Cities Reimagined by Lynk & Co

Lynk & Co
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The cities of the 21st century have adapted to cars just as much as they have to humans. But a new international survey by Ipsos for the mobility brand Lynk & Co shows that the common wish amongst Europeans is to use vehicles more efficiently and free up urban space for more greenery. With the average car in use only 4% of the time, Lynk & Co is challenging the industry to take a new approach to disruptive mobility.

Let It Grow

Three-quarters of Londoners are already or are considering car sharing in some form. Whilst men in the capital city are more likely to borrow a friend’s car and use a car-sharing service compared to women. Shareable mobility is one solution for easing congestion, decreasing vehicle standing time and maximising efficiency. It comes as mobility brand Lynk & Co seeks to explore alternative solutions to urban landscapes scarred by road and traffic requirements.

It’s London’s younger generations (aged 25-34 years old) that are the most positive toward car sharing and keen to explore simple mobility solutions.

The current landscape? A lot of parking lots

Stockholm, for instance, is covered by 550 000m2 worth of permanent parking space. That is more than 77 football fields. Lynk & Co wants to disrupt the car industry and challenge the idea that cars are possessions rather than a shared mode of transportation. Their flexible month-to-month membership model means you only have a car when you actually need it, and you can seamlessly share it with others. With fewer cars, cities could be built for humans and not cars. Citizens could enjoy greener, more vibrant, and inspiring urban environments. Almost half of Londoners would remove parking spaces in favour of more green spaces.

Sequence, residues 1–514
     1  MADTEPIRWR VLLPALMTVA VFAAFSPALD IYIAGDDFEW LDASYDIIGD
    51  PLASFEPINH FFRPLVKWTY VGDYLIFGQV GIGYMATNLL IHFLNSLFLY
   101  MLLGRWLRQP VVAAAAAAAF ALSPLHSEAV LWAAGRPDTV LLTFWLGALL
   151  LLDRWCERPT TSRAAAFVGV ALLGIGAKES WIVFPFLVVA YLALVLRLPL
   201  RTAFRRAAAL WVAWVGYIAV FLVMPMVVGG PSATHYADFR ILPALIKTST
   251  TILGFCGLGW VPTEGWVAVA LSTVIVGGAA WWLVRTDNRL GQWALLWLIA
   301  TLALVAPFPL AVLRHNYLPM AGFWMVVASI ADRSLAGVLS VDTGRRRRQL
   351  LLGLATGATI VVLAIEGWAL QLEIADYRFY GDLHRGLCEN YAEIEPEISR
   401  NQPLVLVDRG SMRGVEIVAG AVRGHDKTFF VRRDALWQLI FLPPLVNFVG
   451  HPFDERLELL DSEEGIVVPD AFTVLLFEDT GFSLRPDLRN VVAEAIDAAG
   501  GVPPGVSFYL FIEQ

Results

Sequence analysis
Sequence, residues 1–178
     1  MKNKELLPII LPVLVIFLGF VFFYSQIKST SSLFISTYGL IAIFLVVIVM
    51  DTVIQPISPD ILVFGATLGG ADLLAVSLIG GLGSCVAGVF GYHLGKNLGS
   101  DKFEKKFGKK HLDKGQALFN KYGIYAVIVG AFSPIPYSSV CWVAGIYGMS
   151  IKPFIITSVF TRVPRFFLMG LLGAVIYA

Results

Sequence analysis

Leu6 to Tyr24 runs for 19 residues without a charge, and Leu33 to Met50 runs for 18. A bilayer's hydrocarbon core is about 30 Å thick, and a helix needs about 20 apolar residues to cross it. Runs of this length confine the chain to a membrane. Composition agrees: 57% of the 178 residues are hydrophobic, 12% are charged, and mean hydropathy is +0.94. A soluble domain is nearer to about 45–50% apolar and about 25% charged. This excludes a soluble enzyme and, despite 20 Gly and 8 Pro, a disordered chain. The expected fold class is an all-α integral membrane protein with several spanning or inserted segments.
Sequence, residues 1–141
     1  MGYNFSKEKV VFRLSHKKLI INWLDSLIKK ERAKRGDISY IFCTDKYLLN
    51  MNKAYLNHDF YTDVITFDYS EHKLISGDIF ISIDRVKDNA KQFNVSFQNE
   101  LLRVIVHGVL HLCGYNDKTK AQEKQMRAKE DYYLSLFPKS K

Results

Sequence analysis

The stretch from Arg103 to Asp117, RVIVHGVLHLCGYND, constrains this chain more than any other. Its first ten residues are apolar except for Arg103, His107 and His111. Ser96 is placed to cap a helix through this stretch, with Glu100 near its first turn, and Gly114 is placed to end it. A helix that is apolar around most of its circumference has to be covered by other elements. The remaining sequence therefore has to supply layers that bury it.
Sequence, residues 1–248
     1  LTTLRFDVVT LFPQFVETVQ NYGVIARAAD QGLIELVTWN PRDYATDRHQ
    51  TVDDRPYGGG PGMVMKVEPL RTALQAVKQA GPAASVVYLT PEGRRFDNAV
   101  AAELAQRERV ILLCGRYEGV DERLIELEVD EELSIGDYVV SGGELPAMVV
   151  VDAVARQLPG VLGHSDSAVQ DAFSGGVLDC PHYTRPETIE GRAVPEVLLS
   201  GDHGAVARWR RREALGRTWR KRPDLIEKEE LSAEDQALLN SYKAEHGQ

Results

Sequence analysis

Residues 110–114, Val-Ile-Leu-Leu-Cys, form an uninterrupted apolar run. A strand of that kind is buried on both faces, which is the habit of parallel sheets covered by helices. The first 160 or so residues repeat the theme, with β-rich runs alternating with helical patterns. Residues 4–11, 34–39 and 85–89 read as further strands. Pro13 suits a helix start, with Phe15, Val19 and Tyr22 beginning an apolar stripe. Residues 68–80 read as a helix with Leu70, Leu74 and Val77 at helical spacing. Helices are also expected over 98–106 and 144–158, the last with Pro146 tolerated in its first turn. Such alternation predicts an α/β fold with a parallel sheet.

A new survey with over 8,000 respondents in eight European capitals; London, Paris, Berlin, Rome, Madrid, Amsterdam, Stockholm, and Brussels was conducted by Ipsos for Lynk & Co. With the report “Cities Reimagined by Lynk & Co”, the mobility company set out to learn how Europeans enjoy their cities today and how they would like to shape their cities for tomorrow. Turns out, the views differ.

Young Europeans are at the forefront

Londoners are the most likely to have a nice and polite experience with their fellow commuters (19 percent).

The attitude towards car-sharing is similar throughout the eight markets but varies when it comes to the respondents’ age. Here, the younger generation. Amongst respondents aged 25-34 years, 66 percent feel positively towards car sharing. In contrast, only 35 percent of respondents aged 55-65 years felt the same.

“With cars parked 96 percent of the time, our cities have a lot of unused potential. I feel motivated by the results of the survey, and I’m excited that the people of Europe agree with our mission of more accessible, open, and green cities. It’s time to reclaim our human space.” – Alain Visser, CEO at Lynk & Co

Fewer parking spaces, more living spaces

The most common wish across the eight cities is to replace parking spaces with more greenery (57 percent), followed by places to rest (32 percent), and wider sidewalks (28 percent). But there are a few more surprising findings. Londoners are the most art-hungry citizens and are most likely to vote for more public art, street art, and graffiti to replace parking.

The data has shown: better cities aren’t just a distant dream, they’re possible. Lynk & Co is leading a revolution in attitudes towards car ownership. By re-imagining cars to be flexible, shareable, and adapted to modern life, we create space in our cities for people.

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